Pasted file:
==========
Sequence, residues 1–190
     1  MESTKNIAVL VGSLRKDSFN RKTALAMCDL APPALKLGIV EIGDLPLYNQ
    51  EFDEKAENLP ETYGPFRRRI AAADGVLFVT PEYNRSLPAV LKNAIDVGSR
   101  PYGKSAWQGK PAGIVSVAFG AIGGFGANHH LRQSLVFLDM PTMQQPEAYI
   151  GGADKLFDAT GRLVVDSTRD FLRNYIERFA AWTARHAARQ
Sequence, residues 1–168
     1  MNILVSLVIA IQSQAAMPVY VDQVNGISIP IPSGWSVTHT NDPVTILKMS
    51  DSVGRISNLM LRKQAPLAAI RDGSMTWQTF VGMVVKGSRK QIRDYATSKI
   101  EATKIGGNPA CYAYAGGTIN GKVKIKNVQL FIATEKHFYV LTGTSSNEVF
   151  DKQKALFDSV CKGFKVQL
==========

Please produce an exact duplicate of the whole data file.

Sequence, residues 1–190
     1  MESTKNIAVL VGSLRKDSFN RKTALAMCDL APPALKLGIV EIGDLPLYNQ
    51  EFDEKAENLP ETYGPFRRRI AAADGVLFVT PEYNRSLPAV LKNAIDVGSR
   101  PYGKSAWQGK PAGIVSVAFG AIGGFGANHH LRQSLVFLDM PTMQQPEAYI
   151  GGADKLFDAT GRLVVDSTRD FLRNYIERFA AWTARHAARQ
Sequence, residues 1–168
     1  MNILVSLVIA IQSQAAMPVY VDQVNGISIP IPSGWSVTHT NDPVTILKMS
    51  DSVGRISNLM LRKQAPLAAI RDGSMTWQTF VGMVVKGSRK QIRDYATSKI
   101  EATKIGGNPA CYAYAGGTIN GKVKIKNVQL FIATEKHFYV LTGTSSNEVF
   151  DKQKALFDSV CKGFKVQL